– Many say that in ASIA Wetton is a rock element and you bring the pop side to it, but I always suspected it’s vice versa. Am I right?
Yeah, I think it swaps really, we’re sometimes into changes, and I’m a big fan of rock music as well as pop music. And when I worked with Chris it was very much the case that he’s not just a pop guy, he’s very much a rock guy, and some of his favorite bands are YES and stuff like that. As of John, if you listened to some of the stuff that he’s done in the past, it’s quite off-the-wall: whether it’s a KING CRIMSON album or some of the U.K. material, it’s pretty sideway stuff. So when I work with a writer like John or Chris or Trevor, we have an understanding that the music in the song is the most important thing, and whatever we put around it is an embellishment.
– There was ASIA without Wetton, but why, when you started working together again, you called it WETTON-DOWNES, or ICON but not ASIA?
It was when we’ve done some stuff for one of John’s solo albums [“I’ve Come To Take You Home” from 2003’s "Rock Of Faith"], and we started to get a feel for writing again but, obviously, it wasn’t ASIA as such then. It was much more a vehicle for songwriting, whereas ASIA is much more a band, there’s a lot of different elements to be concerned with. ICON was much more a writing umbrella, if you like, for myself and John, even though we are the key writers in ASIA as well, but we do write slightly differently for both.
– And what about the ICON DVD? Is out out? I can’t find it anywhere.
No. We kind of put ICON in a slightly different light, because we were concentrated very heavily on getting the original ASIA back together again, so ICON took a back seat, but it’s a situation that we can look at again in the future and see what happens. It depends on time: I’m touring with YES again next month, so it’s pretty hectic times at the moment.
– You collaborated with many musicians, but there’s a line: John Wetton, Greg Lake, Chris Squire… Do you specifically like to work with bass players?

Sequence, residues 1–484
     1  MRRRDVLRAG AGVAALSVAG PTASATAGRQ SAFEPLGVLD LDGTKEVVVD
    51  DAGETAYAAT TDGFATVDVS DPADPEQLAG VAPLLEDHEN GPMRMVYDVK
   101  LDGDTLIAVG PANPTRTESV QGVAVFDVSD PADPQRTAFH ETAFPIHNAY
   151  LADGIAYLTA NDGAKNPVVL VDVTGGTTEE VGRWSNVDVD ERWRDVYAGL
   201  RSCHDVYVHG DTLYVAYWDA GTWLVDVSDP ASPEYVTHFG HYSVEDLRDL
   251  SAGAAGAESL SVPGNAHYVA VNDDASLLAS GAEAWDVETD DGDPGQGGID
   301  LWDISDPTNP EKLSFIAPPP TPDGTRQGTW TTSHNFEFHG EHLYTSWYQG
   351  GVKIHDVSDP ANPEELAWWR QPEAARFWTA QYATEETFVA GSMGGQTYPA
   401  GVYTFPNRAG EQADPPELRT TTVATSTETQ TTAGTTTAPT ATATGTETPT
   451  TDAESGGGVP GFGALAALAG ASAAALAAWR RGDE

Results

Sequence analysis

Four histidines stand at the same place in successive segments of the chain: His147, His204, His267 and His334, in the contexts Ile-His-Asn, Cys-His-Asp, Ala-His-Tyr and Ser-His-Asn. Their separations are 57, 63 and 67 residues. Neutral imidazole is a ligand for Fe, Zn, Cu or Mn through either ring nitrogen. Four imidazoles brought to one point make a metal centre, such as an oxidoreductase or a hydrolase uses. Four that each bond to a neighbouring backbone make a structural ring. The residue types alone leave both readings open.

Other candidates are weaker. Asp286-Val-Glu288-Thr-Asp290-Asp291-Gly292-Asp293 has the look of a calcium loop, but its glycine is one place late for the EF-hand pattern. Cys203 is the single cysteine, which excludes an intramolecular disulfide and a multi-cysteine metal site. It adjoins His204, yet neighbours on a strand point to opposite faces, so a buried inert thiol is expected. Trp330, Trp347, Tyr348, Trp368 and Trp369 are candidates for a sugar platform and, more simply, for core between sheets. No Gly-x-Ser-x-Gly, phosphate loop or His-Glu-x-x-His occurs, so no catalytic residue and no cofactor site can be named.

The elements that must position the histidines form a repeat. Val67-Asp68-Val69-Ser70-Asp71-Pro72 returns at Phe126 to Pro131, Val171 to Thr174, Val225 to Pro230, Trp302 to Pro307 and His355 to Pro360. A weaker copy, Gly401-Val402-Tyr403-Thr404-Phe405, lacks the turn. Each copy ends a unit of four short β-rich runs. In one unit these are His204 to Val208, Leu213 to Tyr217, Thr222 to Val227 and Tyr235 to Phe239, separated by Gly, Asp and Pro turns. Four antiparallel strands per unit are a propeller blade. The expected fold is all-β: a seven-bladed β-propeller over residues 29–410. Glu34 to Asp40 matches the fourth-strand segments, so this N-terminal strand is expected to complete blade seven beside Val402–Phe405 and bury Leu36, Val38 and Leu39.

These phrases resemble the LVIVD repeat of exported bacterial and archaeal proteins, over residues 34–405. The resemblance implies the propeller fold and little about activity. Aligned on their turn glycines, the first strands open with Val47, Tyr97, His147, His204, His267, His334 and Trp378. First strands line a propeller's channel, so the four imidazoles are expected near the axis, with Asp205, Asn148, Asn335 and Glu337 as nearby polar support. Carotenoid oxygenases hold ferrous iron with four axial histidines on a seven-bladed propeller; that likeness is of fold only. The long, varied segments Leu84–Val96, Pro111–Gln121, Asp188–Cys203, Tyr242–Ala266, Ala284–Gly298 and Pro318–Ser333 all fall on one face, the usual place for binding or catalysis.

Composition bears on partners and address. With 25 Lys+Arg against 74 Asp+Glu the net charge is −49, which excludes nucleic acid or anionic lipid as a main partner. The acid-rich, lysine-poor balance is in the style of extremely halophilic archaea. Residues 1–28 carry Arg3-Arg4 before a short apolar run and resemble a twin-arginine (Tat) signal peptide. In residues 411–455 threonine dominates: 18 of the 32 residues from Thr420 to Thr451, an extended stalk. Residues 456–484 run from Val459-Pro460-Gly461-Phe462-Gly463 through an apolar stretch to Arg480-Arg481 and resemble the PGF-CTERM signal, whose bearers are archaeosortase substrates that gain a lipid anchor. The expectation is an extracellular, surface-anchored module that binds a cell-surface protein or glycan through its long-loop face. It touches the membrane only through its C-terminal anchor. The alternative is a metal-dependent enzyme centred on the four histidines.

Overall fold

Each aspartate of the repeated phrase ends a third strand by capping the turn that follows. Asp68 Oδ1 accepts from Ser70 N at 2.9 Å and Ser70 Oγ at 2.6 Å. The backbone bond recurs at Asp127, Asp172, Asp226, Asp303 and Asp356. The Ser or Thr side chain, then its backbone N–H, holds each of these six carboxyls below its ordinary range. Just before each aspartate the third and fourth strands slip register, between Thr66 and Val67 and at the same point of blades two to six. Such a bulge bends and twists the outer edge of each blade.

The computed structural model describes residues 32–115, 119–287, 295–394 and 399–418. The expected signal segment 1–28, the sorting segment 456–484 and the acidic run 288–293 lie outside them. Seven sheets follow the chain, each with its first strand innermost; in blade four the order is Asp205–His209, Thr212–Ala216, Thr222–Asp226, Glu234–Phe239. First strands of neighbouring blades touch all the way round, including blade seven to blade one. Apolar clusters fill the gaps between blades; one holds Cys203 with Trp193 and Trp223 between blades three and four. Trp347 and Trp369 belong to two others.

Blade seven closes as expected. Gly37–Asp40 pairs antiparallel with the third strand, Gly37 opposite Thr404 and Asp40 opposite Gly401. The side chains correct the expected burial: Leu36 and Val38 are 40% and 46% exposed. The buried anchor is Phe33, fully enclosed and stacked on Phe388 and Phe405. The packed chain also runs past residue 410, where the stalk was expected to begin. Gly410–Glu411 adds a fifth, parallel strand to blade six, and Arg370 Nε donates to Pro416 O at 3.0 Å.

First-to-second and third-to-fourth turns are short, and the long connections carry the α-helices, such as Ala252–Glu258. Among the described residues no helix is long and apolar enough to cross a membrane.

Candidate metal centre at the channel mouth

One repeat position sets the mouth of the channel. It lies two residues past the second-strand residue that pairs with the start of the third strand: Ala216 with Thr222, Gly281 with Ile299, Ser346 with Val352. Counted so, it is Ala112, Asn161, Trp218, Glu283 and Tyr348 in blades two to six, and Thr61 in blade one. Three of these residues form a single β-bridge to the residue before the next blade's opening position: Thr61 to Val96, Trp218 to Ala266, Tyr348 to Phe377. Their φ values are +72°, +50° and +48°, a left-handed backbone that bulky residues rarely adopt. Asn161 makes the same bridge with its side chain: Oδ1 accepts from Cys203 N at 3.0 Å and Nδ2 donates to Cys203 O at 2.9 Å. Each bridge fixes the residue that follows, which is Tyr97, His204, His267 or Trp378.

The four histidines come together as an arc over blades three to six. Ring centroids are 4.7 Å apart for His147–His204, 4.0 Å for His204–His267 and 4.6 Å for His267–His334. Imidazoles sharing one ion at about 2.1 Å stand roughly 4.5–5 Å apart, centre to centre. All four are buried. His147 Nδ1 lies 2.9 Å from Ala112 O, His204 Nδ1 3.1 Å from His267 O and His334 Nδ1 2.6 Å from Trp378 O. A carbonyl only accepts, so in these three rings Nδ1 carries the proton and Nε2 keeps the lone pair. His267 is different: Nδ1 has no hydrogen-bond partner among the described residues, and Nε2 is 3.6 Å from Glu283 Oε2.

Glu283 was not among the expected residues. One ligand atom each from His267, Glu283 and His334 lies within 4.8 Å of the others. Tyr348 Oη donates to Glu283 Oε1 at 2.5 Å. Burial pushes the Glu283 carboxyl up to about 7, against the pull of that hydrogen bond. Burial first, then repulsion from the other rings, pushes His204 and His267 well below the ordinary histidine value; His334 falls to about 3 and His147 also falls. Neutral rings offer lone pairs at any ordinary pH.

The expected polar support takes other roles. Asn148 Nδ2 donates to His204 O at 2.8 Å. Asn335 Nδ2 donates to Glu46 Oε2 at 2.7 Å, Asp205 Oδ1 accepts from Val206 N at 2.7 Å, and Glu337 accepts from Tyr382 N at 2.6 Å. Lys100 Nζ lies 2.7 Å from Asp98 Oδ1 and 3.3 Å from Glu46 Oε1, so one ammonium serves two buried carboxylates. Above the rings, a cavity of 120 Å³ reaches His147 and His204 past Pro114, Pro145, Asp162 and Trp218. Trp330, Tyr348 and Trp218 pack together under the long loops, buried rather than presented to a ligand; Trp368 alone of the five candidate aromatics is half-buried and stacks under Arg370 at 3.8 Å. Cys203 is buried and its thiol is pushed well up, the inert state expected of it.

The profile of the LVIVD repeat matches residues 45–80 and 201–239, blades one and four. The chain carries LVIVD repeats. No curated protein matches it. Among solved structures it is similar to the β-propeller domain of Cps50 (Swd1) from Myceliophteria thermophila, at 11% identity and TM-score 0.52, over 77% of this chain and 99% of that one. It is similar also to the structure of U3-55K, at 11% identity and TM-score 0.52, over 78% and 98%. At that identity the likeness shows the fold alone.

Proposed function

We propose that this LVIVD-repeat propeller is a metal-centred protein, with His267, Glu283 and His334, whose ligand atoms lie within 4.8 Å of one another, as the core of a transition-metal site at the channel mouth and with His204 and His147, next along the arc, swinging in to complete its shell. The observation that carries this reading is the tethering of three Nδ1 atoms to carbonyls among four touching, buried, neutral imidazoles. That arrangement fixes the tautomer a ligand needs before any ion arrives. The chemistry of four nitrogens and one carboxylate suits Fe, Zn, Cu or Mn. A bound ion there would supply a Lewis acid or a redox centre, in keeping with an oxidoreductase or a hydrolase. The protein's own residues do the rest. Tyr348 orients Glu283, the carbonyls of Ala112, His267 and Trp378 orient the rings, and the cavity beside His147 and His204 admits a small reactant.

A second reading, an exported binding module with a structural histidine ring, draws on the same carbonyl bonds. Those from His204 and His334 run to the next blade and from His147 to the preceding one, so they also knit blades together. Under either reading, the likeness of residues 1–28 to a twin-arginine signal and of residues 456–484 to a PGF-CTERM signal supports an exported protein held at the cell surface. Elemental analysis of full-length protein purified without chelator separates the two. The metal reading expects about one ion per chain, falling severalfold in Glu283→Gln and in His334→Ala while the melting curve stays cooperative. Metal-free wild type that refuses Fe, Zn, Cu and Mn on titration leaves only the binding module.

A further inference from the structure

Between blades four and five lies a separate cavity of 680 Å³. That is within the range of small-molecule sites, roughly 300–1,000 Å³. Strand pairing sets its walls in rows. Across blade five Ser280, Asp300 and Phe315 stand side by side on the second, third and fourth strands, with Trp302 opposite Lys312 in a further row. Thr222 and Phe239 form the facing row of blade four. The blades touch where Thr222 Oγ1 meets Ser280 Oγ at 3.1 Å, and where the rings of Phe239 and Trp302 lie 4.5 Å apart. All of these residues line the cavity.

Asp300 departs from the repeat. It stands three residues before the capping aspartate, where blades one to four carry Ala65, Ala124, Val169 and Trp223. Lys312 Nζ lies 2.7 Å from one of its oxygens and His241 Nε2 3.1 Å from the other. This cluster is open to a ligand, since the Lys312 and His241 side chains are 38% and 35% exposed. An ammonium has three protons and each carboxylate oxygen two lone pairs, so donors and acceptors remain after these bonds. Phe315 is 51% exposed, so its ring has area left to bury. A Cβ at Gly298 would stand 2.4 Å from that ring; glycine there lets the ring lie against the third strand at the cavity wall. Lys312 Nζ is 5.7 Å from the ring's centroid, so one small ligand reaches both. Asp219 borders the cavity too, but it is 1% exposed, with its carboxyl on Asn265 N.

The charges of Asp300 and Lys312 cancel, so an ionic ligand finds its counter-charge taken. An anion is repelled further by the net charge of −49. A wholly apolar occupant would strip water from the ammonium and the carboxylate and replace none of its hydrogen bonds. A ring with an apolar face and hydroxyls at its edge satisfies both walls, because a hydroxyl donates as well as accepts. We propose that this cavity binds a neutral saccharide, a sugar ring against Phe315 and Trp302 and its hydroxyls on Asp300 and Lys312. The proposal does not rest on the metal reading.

Yeah, and Glenn Hughes as well! And Trevor Horn: you know Trevor Horn is basically a bass player. I think there’s something about writing, that bass is the thing that can change the chords, because guitar is one thing, but when you’ve got a bass part it send you in different direction. And that’s why I’ve always enjoyed working with bass players, because – I think Sting said that – the vocal melody and the bass put a chord together. One great thing about John Wetton and myself is that we grew up on church music in Birmingham and church music has a lot of that emotional use of bass in different inversions of the chords, and that’s what makes the music I makes with those people a bit different.
– But still you were involved with GTR as a producer and also wrote one of the best songs on their album, “The Hunter”. Was it a challenge to work with a guitar-focused band?
Yeah, it was. A brief was that were no keyboards, so I was sidelined there, but it was an interesting album to make with Steve Hackett, an extremely talented guitarist, and Steve Howe. They played very well together, and they had a very good bass player in the band as well, Phil Spalding. But there was difficulty with trying to make an album of melodic rock: without any keyboards it’s quite a challenge.